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Thread: Guardians vs. Warriors

  1. #31
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    But here's the rub:

    - Call the cops only when there's an emergency...You can report your burglaries, thefts, frauds, with no suspect information direct to your insurance company. Noisy neighbors, barking dogs, the guy who yells at you and calls you names, the guys openly drinking on your street as your kids pass by to go to school, or in front of you business while you are open, or sleeping by your door overnight and leaving feces, etc. are not police issues.

    - Don't want people drinking in the park where your kids play? Having sex in the restroom loudly near the playground so all can hear? Leaving needles and trash and used toilet paper? Call the cops...

    Not coming. Not a police problem:

    At the very least there will no longer be any serious effort to confront these folks, as the level of authority to address such issues, when it is now civil, becomes grayer and nothing that might spark a use of force will be pursued in the interest of tactical restraint - some courts have been very clear that minor criminal offenses and civil "offenses" (such as officers serving commitment papers, or responding to the mentally ill and forcing an intervention) require a much greater restraint and do not justify significant use of force...so...

    - Your kid is suicidal, you are seriously concerned he may hurt himself, you want him committed to an institution because he won't seek help on his own, won't take his meds, and is self-medicating with street drugs? No longer an issue for the police. We can have a chat with him, provide you with a number for mental health/crisis, and good luck with that.... (this is already becoming a reality and it frustrates some very good people who can't believe that we won't force an intervention....)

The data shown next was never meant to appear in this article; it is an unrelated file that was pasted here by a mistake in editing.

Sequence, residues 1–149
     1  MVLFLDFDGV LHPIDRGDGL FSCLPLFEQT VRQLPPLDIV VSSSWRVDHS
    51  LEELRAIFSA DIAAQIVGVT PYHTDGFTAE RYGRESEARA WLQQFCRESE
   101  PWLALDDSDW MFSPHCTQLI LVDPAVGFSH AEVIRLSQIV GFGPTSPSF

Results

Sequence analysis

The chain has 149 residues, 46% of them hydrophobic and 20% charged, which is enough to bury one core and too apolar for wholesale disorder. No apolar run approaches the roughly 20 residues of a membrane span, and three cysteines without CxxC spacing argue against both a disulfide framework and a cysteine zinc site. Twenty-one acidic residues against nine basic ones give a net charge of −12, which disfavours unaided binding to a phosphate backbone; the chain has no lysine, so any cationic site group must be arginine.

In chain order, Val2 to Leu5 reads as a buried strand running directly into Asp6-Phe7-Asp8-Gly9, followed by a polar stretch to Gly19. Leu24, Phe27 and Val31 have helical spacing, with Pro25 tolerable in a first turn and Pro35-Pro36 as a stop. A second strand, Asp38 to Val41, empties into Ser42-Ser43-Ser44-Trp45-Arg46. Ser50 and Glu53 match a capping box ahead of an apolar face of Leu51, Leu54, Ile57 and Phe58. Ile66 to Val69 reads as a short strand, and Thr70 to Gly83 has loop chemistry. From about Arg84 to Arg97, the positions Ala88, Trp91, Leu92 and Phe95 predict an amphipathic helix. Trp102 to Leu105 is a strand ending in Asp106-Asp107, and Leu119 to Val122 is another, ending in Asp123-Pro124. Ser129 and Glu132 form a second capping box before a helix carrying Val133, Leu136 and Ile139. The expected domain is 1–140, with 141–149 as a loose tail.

- And that gun that was taken off the guy who peed in public? The one that was later traced to the string of armed robberies and a shooting? It won't be found - no longer any authority to pat down, to make an arrest, or to search.

    -The guys slinging dope on the street corner - poisoning and intimidating the neighbors? Can't prove its dope being sold, and now won't be contacting them for the thing you CAN prove - drinking in public.

    - The sex offender wanted for child rape in a city 100 miles away that you just happened to locate and arrest when he violated park curfew? Won't even be contacted any more: certainly won't be asked for ID....its a low level offense.

    - Your neighbors keep you up night after night with loud parties and what you are sure is drug use. Cops don't come anymore. You can address it yourself, or attempt community mediation. Except you think they are criminals and are pretty sure the guy is an outlaw biker or a member of a gang ....still, police aren't coming - its civil, a quality of life issue, and a confrontation may ensue upon police contact and force may be used and they won't risk that for a minor infraction.

    I'm simply making a counter-point: be careful what you wish for. On some level I'd be all for the police getting out of the public nuisance business. I frankly don't think we should have anything to do with traffic accidents unless a crime is involved: at all. Its a civil matter. Much of what we do domestic violence wise where no crime has occurred or even suspected is to my mind serious governmental overreach.

    As some of these things noted above are already starting to occur, it remains to be seen how much the current climate will result in further de-policing. Some of it will be appropriate and for the better, some of it will leave people frustrated and angry about what "nothing can be done" about. And less safe and fewer criminals will be caught. And when crime rates go back up again....

    And what do we do about that thorny issue that isn't even part of the discussion? That law enforcement is called just that: enforcement. Is there room for enforcement at all? Should some groups (racial, socio-economic...) be given a pass on some matters that other groups are not given in the interest of "fairness?" Is that actually fair? What crimes/issues should the police enforce and which ones shouldn't they? What authority will attach to said enforcement? Are certain things enforceable only when the perpetrator cooperates, and if he does not, force is not authorized so that he should simply be allowed to walk? (We are already there with pursuits after traffic infractions in many places...)

    And so on. Much more complex issue than encapsulated in one sided definitions of warriors and guardians....

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  3. #32
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    The Police Use of Force project: a scorecard for America's police-department policies